Denials, Appeals, and Getting a Disability Lawyer or Representative

    What you should know about Social Security Disability and SSI Denials

    Questions about Disability Lawyers and Hiring a Disability Attorney

    Various Types of Benefits including SSI, Mental, and Child benefits

    Social Security and SSI based on Mental Disability

    Social Security Disability or SSI Benefits for Children

    Disability Benefits through Social Security

    Filing for Social Security Disability or SSI Benefits

    Social Security Disability SSI: Medical Evidence and Records

    Filing your claim for disability benefits

    Eligibility for receiving disability benefits

    Resources on this site

    Social Security Disability, SSI Terms and Definitions

    Previously answered questions regarding SSD and SSI

    The SSDRC Disability Blog

    For Individuals living in North Carolina

    Disability in North Carolina

    North Carolina Disability Lawyer

    Getting disability in North Carolina

    Related Body System Impairments:

    If you have had a heart attack will you qualify for Social Security disability?
    Angina and Filing for Disability
    Arrhythmia and Filing for Disability
    Brain Aneurysm and Filing for Disability
    Cardiomyopathy and Filing for Disability
    Cardiovascular Heart Stenosis and Filing for Disability
    Congenital Heart Defects and Filing for Disability
    Congestive Heart Failure and Filing for Disability
    DVT Deep Venous Thrombosis and Filing for Disability
    Heart Attack and Filing for Disability
    Heart Murmur and Filing for Disability
    High Cholesterol and Filing for Disability
    Lymphedema and Filing for Disability
    Mitral Valve Prolapse and Filing for Disability
    Peripheral Arterial Disease and Filing for Disability
    Triple Bypass Surgery and Filing for Disability
    Thrombosis and Filing for Disability
    Tachycardia and Filing for Disability
    Wolff-Parkinson-White and Filing for Disability
    Congestive Heart Failure, Social Security Disability, and Applying for Benefits
    Heart Attack, Social Security Disability, and Applying for Benefits
    How much will it cost to hire a disability attorney in Pennsylvania?
    Why does it take so long to get a decision on a disability case in Pennsylvania?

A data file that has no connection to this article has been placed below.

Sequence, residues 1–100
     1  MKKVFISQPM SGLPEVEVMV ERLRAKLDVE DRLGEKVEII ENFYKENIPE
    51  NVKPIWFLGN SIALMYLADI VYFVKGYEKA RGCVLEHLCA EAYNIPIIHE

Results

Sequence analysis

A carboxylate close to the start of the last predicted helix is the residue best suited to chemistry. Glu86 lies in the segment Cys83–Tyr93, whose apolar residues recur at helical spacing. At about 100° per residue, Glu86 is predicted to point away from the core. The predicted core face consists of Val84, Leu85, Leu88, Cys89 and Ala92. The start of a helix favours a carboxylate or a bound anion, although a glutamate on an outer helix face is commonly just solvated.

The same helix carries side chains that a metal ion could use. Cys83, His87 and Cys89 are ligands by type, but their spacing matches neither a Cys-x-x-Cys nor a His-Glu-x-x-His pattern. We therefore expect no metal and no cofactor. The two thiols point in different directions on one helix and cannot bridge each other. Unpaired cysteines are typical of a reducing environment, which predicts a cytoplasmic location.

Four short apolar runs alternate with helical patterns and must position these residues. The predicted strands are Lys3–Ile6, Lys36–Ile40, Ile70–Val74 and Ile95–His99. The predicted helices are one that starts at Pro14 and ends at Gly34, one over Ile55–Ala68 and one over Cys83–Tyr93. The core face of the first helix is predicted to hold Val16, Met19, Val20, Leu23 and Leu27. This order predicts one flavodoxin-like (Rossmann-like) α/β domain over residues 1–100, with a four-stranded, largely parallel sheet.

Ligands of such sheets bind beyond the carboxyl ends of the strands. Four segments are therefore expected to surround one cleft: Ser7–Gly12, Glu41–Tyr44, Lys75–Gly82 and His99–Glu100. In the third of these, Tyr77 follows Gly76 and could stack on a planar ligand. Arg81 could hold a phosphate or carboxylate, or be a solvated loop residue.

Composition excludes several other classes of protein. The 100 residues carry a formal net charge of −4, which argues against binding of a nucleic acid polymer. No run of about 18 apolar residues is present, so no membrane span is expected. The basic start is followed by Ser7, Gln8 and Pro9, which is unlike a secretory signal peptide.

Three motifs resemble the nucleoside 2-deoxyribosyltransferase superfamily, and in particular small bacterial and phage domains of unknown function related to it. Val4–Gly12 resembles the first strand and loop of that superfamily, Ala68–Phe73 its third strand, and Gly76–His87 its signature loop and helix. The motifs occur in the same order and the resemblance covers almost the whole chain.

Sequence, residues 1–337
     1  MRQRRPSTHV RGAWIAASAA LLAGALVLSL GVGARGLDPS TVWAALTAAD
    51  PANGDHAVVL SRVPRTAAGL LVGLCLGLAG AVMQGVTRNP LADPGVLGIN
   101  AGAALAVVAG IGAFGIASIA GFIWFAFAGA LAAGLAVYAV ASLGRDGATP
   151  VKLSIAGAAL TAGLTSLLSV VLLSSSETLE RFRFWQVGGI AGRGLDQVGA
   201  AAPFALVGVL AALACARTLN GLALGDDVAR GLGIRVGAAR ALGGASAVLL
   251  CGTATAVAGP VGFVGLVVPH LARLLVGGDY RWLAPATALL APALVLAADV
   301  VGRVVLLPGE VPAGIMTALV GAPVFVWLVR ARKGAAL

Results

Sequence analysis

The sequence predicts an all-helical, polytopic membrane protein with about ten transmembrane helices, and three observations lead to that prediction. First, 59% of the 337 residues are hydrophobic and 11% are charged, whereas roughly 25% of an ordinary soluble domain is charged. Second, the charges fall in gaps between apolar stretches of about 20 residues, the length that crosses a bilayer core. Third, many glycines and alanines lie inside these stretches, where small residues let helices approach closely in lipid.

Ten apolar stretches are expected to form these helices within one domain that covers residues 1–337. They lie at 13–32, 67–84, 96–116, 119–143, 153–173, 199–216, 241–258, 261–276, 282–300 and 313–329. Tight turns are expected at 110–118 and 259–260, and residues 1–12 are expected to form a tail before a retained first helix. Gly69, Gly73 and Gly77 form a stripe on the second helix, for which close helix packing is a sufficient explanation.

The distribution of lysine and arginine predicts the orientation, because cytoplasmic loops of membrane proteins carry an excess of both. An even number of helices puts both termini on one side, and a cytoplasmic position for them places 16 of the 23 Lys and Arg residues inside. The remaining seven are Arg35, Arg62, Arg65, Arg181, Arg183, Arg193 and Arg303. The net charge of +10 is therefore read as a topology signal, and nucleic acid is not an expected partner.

Information on the following topics can be found here: Social Security Disability Questions and in these subsections:

    Frequently asked questions about getting Denied for Disability Benefits | FAQ on Disability Claim Representation | Info about Social Security Disability Approvals and Being Approved | FAQ on Social Security Disability SSI decisions | The SSD SSI Decision Process and what gets taken into consideration | Disability hearings before Judges | Medical exams for disability claims | Applying for Disability in various states | Selecting and hiring Disability Lawyers | Applying for Disability in North Carolina | Recent articles and answers to questions about SSD and SSI

    These pages answer some of the most basic questions for individuals who are considering filing a claim.

    Filing for disability - How to file for SSD or SSI and the Information that is needed by Social Security
    How to Apply for Disability - What medical conditions can you apply and qualify for?
    Applying for Disability - How long does it take to get Social Security Disability or SSI benefits?
    What happens if I file a disability application and it is denied by a disability examiner or Judge?
    How to Prove you are disabled and qualify to win disability benefits
    How do you prove your disability case if you have a mental condition or impairment?
    Social Security Disability Back pay and How Long it Takes to Qualify for it and receive it
    Social Security Disability SSI - Eligibility Requirements and Qualifications Criteria